What is TESOL?

The certification for teaching English to speakers of other languages (TESOL) is a useful credential for those who wish to teach both domestically and abroad. TEFL and TESL are also a part of this broader course of study, but more specifically focused on teaching English in regions where it is not commonly spoken. In the article below, we explore the requirements and attributes of TESOL certifications for those who wish to pursue this course of study.

The Basics of TESOL Programs

Many programs fall between TEFL and TESOL requirements, but these are commonly a part of education degrees at the bachelor’s or master’s levels. They are not complete or stand-alone certification programs but offer a broad sampling of the skills and bases of knowledge needed for teaching English to non-English speakers in various contexts.

Independent programs in TESOL typically run 130 to 140 credit hours and provide a foundation in pedagogy as well as the theory and practice of English language teaching. Individuals enroll in these programs as the next step in their educational journey and already possess sufficient degrees for teaching or administrative positions.

Core programs of this variety are offered by the official TESOL institution and incorporate both virtual and real world lessons. Those who enroll in this type of certification process are advised that the entire course offering can be completed in six to eleven months with a weekly devotion of about ten hours per week. They are required to check in with their virtual classrooms at least every other day and are graded on a pass or fail basis.

Why TESOL Programs Matter

It’s estimated that two out of five teachers in the United States will leave the profession within the first five years. This means school children are regularly exposed to novice teachers. Because new teachers are immersed in a dynamic and cosmopolitan classroom environment, TESOL programs are vital. They provide a greater breadth and depth of understanding when it comes to instructing English language learners (ELL).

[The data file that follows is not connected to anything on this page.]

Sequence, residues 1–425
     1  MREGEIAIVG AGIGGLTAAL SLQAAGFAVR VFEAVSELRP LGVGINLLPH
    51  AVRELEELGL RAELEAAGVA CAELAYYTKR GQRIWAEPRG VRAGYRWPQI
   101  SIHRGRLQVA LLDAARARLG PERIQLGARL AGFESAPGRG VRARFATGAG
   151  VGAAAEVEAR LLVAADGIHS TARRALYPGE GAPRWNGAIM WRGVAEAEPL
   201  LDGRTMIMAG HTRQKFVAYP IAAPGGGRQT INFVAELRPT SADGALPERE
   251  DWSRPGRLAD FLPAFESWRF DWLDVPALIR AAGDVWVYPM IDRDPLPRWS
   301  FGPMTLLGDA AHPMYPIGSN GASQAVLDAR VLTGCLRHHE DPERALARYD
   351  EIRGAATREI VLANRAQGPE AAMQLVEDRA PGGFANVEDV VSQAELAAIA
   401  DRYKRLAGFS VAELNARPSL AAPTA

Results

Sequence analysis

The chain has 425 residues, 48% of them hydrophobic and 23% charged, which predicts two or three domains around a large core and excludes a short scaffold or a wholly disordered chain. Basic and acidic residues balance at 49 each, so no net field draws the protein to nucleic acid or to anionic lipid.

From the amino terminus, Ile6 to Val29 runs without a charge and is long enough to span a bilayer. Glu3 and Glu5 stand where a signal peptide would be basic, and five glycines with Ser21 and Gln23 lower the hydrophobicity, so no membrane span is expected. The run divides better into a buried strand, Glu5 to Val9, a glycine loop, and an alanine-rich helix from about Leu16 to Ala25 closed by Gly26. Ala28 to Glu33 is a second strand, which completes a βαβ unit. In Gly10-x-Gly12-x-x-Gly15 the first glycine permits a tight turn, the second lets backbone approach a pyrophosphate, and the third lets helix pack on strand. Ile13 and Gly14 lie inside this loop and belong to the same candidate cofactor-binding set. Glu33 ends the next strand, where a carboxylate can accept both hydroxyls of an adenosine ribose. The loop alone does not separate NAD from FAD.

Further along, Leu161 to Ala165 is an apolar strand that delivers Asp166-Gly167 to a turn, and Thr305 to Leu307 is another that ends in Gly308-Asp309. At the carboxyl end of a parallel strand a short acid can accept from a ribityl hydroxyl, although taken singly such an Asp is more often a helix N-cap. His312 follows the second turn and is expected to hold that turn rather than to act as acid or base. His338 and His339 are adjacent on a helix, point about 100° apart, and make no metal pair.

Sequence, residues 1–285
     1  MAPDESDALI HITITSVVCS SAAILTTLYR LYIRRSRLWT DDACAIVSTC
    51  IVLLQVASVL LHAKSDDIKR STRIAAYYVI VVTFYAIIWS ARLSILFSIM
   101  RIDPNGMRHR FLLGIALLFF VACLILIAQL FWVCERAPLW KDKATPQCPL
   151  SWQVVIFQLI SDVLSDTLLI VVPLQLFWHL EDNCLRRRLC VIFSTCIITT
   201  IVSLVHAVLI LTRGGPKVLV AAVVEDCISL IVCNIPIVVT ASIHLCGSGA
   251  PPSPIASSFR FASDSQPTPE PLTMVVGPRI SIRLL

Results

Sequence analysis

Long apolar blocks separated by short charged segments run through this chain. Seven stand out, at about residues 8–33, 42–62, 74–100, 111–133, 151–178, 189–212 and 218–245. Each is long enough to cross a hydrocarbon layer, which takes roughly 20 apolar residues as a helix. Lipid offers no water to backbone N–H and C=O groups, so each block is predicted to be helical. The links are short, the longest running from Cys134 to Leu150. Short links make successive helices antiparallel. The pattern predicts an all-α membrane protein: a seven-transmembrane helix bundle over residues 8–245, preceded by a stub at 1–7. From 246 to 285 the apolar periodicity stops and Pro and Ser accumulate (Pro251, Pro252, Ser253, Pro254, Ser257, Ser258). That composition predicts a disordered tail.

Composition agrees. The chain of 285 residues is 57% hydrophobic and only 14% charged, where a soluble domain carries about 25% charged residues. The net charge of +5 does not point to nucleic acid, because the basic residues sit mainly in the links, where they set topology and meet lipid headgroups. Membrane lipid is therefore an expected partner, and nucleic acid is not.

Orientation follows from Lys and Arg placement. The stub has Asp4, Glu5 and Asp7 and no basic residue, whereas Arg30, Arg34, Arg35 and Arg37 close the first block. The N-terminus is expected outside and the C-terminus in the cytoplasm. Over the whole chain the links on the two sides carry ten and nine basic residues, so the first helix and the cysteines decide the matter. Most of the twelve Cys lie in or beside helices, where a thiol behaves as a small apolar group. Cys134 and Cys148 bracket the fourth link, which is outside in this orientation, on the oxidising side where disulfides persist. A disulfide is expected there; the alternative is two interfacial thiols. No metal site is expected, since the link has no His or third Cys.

Teaching English to speakers of other languages certification also offers both established teachers and those seriously approaching the profession a critical empathy for the particular struggles of ELL. Pedagogy is often tied to developmental milestones in elementary and secondary educational contexts. TESOL programs incorporate these considerations into their courses, so teachers are prepared to set manageable goals for ELL classrooms at any level.

Language capabilities and needs vary from one age to the next and are dependent upon neurological complexity and development. TOEFL courses prepare teachers for the social and emotional stressors that assail their students during their educational experience, which may vary depending on their home cultures and the cultural context of the educational environment. These factors each impact student proficiency in multiple ways. New teachers and experienced educators alike must stay abreast of ways in which they can successfully inculcate their ELL students.

Because there are some programs, additional certificates, and degrees that offer some aspects of TOEFL education, individuals should be clear about their needs and goals before selecting one. While those who wish to embark upon a career of teaching abroad will benefit from these certifications, it even enriches teachers who plan to remain in the domestic educational sphere. Teaching English to speakers of other languages offers pedagogical training, cultural insight, and understanding of developmental milestones in language learning that are beneficial to any teacher.